In particular, an understanding of the Trinity as a perfect relationship of equals undermines the patriarchal view of marriage put out by some Christians, who say that in the Trinity, the Son is eternally submitting to the Father.  But when we know that Jesus’ submission was not eternal, but part of the cooperation of all the persons of the Trinity to achieve their will for creation, then we cannot use belief in the Trinity to argue that it’s God’s will that wives be doormats, but have to acknowledge that the ideal set before us is one of unity, cooperation and mutuality.

I’m not saying that there will never be leadership and authority exercised by some in the home or anywhere else (I’m a parent, after all!); but it’s about how that is exercised, with reciprocity, consensus and concord, in a spirit of humility and service.

This understanding of God also calls into judgement our individualism and our consumerism; our belief that fundamentally, we stand alone in this life, and our tendency to relate to one another for what we can get out of it, rather than who we can be to, for and with one another.   How we relate to one another shows clearly how deeply we have been shaped by the worship of a God of perfect relationship.  This vision of God as Trinity challenges directly each of us who, consciously or unconsciously, perpetuates division within ourselves, and between ourselves and others.  We all have our share in the making and the perpetuating of these wounds.  There is a need for the healing of these rifts; a healing which for us, lies in our Lord and God whose inner life of loving relationship overflows into and renews the life of the church.

All of us are here today because something about God has been attractive to us.  The deeply creative, loving, overflowing life of God comes to live within us; to show itself within us, and to work through us to take hold of others around us.  Our life as a community should mirror something of the inner life of God; a life in which hierarchy and ego is not at issue; a life in which each is willing to be involved in work that is costly; a life which is not closed off and turned inward, but looking outward in overflowing abundant generosity, love and joy.  God’s love has been poured into our hearts, and we can hardly remain unchanged after that experience.

The Lord, the giver of life

This is a sermon for the feast of Pentecost.  The Scripture it references is Acts 2:1-21.

Today is Pentecost. That’s a rather dry name for the fiftieth day of Easter, but the event we remember today isn’t dry at all.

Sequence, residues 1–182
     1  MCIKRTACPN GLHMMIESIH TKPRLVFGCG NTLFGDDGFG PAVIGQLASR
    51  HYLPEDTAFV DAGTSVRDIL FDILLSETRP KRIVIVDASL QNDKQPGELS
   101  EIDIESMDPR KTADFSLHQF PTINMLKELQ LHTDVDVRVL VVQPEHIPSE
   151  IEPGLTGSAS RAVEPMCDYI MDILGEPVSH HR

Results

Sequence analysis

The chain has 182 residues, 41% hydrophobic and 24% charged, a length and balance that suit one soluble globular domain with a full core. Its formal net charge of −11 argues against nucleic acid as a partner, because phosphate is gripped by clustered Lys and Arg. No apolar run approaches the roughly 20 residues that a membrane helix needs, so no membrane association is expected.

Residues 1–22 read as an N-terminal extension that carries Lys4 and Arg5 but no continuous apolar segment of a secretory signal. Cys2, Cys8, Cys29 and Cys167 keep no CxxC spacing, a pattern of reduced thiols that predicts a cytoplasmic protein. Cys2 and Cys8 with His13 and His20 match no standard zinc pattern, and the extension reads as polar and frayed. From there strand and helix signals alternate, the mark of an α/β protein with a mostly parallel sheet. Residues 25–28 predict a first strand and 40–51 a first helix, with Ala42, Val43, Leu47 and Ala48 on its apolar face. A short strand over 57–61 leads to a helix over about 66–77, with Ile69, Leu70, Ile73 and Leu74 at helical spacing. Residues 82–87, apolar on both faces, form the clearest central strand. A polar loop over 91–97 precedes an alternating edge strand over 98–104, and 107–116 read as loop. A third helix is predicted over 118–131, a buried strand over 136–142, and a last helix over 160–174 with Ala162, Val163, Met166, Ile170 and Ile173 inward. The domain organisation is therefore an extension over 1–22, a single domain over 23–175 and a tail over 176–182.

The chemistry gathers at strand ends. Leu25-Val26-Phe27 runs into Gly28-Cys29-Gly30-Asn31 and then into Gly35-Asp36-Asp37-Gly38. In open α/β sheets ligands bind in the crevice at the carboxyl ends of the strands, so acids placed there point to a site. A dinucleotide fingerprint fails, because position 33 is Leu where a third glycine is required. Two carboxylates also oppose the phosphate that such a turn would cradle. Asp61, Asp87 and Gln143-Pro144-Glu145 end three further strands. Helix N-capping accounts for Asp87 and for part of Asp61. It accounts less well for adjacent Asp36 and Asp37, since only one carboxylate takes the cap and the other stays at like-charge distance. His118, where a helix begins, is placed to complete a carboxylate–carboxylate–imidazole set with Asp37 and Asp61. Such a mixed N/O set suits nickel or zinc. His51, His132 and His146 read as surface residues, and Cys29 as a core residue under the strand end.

You know the story. Jesus’s disciples and others were gathered in an “upper room” in Jerusalem after Jesus’s death, resurrection, and ascension. He had told them to go there and wait to be “endued with power from on high” that would then make them witnesses to him throughout the world. As they were gathered there, celebrating the Jewish feast of Pentecost, the Holy Spirit came upon them “like a rushing, mighty wind” and “tongues of flame” appeared over their heads. Then they spoke in tongues—foreign languages unknown to them. Apparently people from the area—gathered from all over the Roman Empire to celebrate Pentecost–flocked to see and hear this phenomenon and heard the gospel of Jesus Christ being preached in their own languages. They thought the disciples were drunk which indicates they were very excited.

So, that’s the story in a nutshell. That event marks the beginning of the Church as a recognisable entity; as a group of people with a sense of their own identity and purpose. But how did that happen? Christians have understood that the Holy Spirit was for the first time given to people as an indwelling gift. The Holy Spirit, who before had been a somewhat elusive presence and power of God descending on prophets, suddenly came to dwell within Jesus’s followers.

Beginning on this day of Pentecost, God’s own Spirit came to indwell, unite, energize and send forth the new people of God, the church.

Who is this “Holy Spirit?”

In the Old Testament the Holy Spirit is hardly distinguished from Yahweh God, the Covenant Lord of Israel. Yet, there are hints here and there, especially in the prophets, that the Holy Spirit is a distinct person of God. The Holy Spirit came and went, occasionally descending on a prophet to reveal truth or to work miracles. But no prophet before John the Baptist was “filled with the Spirit.”

The New Testament has so much to say about the Holy Spirit it’s impossible to even touch on it all in one sermon.

Jesus promised the disciples that after he left them he would send “another Comforter” or “another “Advocate” to be with them and in them—to represent himself to them and to lead them into all truth. The Holy Spirit plays a prominent role in the Acts of the Apostles. The Apostle Paul mentions the Holy Spirit often and urges God’s people to “be not drunk with wine but be filled with the Holy Spirit.” He say that the Holy Spirit helps us pray, when we don’t know how to pray. He mentions several “gifts of the Holy Spirit” and “fruit of the Spirit.” There is no shortage of “talk” of the Holy Spirit in the New Testament.

And there are some key things to take away from that New Testament picture.

First, the Holy Spirit is God. On one level we know that, but lots of Christians have the habit of saying “God” and really meaning “the Father.”  But any time a Christian says “God” we have to mean the Trinity, the Father and the Son and the Spirit, working together.  Anything less than that, for us, is a deficient picture of God.  (More on that theme next week!)